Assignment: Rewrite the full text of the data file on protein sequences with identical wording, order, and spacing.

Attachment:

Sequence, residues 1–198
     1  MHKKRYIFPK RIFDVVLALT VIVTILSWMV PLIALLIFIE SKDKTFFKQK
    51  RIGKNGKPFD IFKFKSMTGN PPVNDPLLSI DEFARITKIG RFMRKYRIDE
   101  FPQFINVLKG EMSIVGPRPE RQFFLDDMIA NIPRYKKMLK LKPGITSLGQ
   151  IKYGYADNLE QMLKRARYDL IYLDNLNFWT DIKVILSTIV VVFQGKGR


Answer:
Sequence, residues 1–198
     1  MHKKRYIFPK RIFDVVLALT VIVTILSWMV PLIALLIFIE SKDKTFFKQK
    51  RIGKNGKPFD IFKFKSMTGN PPVNDPLLSI DEFARITKIG RFMRKYRIDE
   101  FPQFINVLKG EMSIVGPRPE RQFFLDDMIA NIPRYKKMLK LKPGITSLGQ
   151  IKYGYADNLE QMLKRARYDL IYLDNLNFWT DIKVILSTIV VVFQGKGR